A bibliography is the listing at the end of a text that says where the author got his/her ideas. This listing shows each foreign source and how readers can find that source if they want to return to the primary readings. Bibliographies include magazines, books, interviews, web sites and other information sources that were instrumental in bringing the current thought together. Most papers today are done in MLA Style. At the MLA node, there is an entry for how to cite Everything.com if you use its information in a paper.

Bibliographies are critical for several reasons. In order of importance:

  • They get the author out of trouble for many plagiarism accusations. If the author has properly cited where he got his ideas, then it ceases to be plagiarism and becomes research.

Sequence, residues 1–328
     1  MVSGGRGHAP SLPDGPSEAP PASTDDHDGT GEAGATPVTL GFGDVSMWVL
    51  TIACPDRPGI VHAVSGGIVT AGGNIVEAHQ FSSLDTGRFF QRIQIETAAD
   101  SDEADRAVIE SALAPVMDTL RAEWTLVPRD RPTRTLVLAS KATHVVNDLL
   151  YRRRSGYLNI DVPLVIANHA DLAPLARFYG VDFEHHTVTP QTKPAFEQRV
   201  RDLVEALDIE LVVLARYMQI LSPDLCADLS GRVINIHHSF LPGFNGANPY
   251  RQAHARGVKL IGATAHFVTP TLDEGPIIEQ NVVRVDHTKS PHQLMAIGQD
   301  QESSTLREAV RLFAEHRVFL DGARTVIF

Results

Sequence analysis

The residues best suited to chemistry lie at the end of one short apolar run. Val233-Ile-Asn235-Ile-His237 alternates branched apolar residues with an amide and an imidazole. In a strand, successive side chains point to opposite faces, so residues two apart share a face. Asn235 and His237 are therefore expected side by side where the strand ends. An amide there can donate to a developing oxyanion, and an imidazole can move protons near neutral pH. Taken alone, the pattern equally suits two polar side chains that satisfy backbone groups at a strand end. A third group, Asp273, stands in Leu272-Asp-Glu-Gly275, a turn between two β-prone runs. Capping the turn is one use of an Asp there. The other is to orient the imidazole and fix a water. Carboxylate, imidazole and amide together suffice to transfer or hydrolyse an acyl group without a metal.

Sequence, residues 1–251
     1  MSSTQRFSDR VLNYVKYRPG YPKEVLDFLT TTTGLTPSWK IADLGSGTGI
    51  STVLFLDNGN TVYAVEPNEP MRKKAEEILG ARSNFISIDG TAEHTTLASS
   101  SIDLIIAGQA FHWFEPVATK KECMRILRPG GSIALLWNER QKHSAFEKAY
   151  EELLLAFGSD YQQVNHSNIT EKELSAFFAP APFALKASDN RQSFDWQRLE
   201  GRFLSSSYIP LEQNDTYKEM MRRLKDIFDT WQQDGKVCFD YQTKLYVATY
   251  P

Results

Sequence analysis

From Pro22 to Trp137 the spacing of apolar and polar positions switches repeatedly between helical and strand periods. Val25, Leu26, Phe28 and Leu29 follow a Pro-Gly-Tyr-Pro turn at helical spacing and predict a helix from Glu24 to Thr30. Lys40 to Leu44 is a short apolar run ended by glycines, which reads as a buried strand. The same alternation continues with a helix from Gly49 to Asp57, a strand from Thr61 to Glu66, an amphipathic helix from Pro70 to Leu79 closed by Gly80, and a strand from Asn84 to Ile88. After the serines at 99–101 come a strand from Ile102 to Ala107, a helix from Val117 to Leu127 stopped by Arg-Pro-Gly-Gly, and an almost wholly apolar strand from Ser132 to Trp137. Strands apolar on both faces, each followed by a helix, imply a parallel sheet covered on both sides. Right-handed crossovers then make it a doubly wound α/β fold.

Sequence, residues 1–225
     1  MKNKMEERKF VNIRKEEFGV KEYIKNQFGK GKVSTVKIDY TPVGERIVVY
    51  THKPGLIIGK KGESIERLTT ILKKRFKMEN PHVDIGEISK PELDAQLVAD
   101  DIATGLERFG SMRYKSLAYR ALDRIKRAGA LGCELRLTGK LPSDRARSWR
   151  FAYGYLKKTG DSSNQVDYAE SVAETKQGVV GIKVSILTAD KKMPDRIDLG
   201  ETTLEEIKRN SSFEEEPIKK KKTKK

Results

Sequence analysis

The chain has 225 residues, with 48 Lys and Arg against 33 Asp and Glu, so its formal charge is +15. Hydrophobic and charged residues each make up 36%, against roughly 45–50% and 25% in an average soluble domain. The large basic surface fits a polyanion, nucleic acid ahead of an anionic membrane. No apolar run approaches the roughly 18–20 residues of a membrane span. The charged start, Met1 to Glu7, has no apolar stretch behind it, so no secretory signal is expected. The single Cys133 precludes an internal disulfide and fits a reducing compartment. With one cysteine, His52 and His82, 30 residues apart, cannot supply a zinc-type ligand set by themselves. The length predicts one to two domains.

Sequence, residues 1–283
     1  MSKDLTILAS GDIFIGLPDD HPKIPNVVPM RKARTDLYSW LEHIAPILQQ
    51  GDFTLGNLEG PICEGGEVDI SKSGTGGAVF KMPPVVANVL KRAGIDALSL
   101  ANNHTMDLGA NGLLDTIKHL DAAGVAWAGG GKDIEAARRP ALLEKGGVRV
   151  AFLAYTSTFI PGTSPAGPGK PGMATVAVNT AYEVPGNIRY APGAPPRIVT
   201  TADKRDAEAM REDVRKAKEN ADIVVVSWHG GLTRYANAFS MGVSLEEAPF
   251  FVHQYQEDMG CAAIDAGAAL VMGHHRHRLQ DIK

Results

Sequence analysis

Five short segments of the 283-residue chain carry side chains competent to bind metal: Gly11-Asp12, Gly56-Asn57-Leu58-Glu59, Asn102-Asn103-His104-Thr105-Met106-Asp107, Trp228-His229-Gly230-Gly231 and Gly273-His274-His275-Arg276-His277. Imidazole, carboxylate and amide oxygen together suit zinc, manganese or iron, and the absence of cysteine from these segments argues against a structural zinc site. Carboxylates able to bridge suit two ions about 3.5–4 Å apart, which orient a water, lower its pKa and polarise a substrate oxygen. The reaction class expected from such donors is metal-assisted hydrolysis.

• It allows other researchers to reconstruct the chain of thought, either to extend that chain or to verify its accuracy.
  • They let professors and teachers know how much work the author put into the paper.

Bib`li*og"ra*phy (?) n.; pl. Bibliographies (#). [Gr. : cf. F. bibliographie.]

A history or description of books and manuscripts, with notices of the different editions, the times when they were printed, etc.

 

© Webster 1913.

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